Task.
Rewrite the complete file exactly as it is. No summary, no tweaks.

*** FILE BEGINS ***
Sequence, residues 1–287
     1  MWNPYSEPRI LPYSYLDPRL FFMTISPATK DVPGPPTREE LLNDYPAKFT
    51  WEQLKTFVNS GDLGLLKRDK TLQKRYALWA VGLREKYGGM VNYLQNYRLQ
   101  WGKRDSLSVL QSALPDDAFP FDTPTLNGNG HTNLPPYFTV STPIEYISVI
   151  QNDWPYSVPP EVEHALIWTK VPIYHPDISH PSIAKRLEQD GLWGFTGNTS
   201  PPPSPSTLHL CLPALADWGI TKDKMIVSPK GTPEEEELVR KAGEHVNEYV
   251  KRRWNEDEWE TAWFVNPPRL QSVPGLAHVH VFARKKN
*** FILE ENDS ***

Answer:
Sequence, residues 1–287
     1  MWNPYSEPRI LPYSYLDPRL FFMTISPATK DVPGPPTREE LLNDYPAKFT
    51  WEQLKTFVNS GDLGLLKRDK TLQKRYALWA VGLREKYGGM VNYLQNYRLQ
   101  WGKRDSLSVL QSALPDDAFP FDTPTLNGNG HTNLPPYFTV STPIEYISVI
   151  QNDWPYSVPP EVEHALIWTK VPIYHPDISH PSIAKRLEQD GLWGFTGNTS
   201  PPPSPSTLHL CLPALADWGI TKDKMIVSPK GTPEEEELVR KAGEHVNEYV
   251  KRRWNEDEWE TAWFVNPPRL QSVPGLAHVH VFARKKN